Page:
If you have never seen a piano keyboard what immediately catches your eye?
That there are white keys and black keys.
Even if you don’t know what they do, it is easy to understand that the white keys and the black keys are different from each other. All you need to know is black from white, something that most toddlers know by the time they’re two years old. The same cannot be said about many other aspects of the keyboard, which require knowing left from right or more complicated spatial reasoning.
The first thing a child will learn about the piano is that pressing the keys makes noise. Noise versus quiet is a good starting point for a game. You can play it with flashcards or with a sheet of paper (I prefer a single sheet of paper because it mirrors the act of reading sheet music better.) Make a drawing that means “noise” (for example, lots of squiggles) and one that means “quiet”. Then practice making lots of noise or lifting your hands and being quiet when you point to one or the other.
At this point, the student only needs to keep track of two elements: “noise” and “ssshhh!”
Making the transition from banging on the keys indiscriminately to finding and playing specific keys can be a struggle. Putting stickers on the keys is a common approach, but it carries its own set of problems. I prefer to start with the things that are immediately obvious about the piano and gradually work our way to specifics, one element at a time. Showing the difference between black and white keys is a great next step because it only requires adding one more element to what we already know.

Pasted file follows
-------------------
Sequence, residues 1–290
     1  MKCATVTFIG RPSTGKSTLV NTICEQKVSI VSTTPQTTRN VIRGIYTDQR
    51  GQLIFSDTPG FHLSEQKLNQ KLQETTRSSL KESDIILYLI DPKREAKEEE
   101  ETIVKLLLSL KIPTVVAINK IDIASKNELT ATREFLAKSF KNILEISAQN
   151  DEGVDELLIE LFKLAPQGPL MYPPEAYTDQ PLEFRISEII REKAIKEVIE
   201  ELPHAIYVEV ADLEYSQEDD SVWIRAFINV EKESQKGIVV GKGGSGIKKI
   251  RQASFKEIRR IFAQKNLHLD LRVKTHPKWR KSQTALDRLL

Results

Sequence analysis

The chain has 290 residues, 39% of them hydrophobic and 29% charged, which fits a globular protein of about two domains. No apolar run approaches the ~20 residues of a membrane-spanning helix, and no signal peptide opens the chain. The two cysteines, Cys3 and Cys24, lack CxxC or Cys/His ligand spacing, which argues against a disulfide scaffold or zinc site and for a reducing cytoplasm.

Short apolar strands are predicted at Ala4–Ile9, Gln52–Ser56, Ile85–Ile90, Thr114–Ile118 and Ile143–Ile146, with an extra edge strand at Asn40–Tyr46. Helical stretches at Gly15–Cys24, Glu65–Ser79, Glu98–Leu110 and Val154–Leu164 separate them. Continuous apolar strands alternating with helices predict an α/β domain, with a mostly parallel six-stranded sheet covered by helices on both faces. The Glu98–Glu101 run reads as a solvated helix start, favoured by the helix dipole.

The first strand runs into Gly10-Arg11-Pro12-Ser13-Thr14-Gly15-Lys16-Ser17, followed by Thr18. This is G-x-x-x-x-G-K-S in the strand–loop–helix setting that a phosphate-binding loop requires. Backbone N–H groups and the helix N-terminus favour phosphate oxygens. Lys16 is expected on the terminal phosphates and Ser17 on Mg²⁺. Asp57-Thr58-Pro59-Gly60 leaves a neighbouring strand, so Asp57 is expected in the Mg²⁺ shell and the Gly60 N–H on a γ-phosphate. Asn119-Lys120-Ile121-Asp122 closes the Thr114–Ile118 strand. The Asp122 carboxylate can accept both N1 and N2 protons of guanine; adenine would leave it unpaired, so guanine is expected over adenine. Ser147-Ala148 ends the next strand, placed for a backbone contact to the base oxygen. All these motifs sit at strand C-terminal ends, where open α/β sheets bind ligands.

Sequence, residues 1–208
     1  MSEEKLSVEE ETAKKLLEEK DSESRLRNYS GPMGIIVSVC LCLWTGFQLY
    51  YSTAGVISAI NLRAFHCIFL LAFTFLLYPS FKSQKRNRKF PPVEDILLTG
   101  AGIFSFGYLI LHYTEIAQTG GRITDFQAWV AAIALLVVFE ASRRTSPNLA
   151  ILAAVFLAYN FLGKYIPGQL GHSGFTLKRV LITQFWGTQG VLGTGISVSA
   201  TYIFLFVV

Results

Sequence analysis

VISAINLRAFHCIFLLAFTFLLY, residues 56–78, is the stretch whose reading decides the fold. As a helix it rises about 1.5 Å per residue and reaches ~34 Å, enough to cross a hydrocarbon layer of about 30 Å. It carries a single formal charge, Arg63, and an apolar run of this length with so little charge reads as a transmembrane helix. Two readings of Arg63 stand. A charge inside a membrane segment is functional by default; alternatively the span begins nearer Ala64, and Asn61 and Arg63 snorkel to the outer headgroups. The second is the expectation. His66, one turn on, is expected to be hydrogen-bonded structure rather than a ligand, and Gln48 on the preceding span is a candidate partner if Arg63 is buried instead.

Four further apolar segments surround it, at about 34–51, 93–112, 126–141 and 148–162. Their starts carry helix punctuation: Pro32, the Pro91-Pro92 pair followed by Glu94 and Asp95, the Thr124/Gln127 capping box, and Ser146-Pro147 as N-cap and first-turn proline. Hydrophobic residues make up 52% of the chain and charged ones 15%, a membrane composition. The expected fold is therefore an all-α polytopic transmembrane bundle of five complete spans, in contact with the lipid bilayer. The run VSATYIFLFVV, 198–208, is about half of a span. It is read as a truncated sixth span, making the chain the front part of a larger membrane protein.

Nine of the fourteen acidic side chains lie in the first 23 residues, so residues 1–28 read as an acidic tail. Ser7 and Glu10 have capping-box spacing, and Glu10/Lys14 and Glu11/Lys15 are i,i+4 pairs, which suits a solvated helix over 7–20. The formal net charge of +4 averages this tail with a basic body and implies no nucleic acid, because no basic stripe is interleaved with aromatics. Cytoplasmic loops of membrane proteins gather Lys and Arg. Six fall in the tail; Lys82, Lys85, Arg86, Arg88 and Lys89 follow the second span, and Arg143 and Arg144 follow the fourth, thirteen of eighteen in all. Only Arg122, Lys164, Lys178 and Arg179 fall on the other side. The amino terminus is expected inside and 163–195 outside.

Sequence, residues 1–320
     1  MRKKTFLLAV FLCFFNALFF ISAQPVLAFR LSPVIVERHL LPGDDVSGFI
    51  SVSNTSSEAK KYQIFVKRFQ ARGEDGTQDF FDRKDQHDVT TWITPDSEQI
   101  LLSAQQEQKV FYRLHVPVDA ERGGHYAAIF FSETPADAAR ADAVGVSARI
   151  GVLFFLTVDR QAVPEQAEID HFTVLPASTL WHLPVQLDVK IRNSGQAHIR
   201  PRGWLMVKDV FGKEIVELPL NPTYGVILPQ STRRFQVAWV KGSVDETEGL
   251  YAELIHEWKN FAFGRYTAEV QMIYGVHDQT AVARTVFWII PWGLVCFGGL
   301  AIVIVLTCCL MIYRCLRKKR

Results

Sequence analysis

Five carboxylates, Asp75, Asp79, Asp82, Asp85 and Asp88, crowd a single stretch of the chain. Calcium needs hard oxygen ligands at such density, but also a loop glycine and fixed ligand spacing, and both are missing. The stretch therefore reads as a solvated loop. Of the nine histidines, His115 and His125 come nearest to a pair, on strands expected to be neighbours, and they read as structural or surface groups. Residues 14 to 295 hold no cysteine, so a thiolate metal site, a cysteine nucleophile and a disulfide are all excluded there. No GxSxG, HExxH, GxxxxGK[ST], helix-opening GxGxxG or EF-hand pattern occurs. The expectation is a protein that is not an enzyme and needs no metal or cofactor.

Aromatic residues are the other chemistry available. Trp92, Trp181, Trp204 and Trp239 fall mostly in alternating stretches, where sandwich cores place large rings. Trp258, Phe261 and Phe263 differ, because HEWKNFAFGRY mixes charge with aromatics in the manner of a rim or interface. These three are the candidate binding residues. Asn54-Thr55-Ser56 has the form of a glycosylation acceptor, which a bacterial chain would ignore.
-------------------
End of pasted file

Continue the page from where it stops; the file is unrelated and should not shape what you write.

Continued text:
First, we practiced playing only white keys or black keys at one time, so I could make sure that my kid was ready to understand the difference between them. Then we composed our score:
We already knew the difference betwen noise and quiet, so now we have two categories of noise: black-key noise and white-key noise, represented by the white and black circles. Whenever we got to a red circle, that meant “Ssshhh!” (put your hands up and be quiet!) As you can see by our sheet music, I drew the first few circles and then my kid took over. Once we had our sheet music, we started to play.
I would point to a circle and we’d do it together. Hold down the sustain pedal for each “event” (and remove it for the moments of quiet). After our first run-through he was the one playing and I was only pointing at circles. By our third run-through, he was reading the sheet music on his own:
At this point, a student is keeping track of three elements: “white”, “black”, and “ssshhh!”
What’s our next step?
The key is to add other elements gradually. For instance, we can add “loud” and “soft” playing, play with durations (with bigger and smaller circles), or we can play in different registers using four elements: “tweeting birdies”, “mewing kitties”, “barking doggies” (top, middle, and bottom registers), and “ssshhh!” As we combine all the things we know, things can get complicated very quickly. For example combining register with black and white keys yields seven different elements to identify in the sheet music:
1. High-register black keys
2. Middle-register black keys
3. Low-register black keys
4. High-register white keys
5. Middle-register white keys
6. Low-register white keys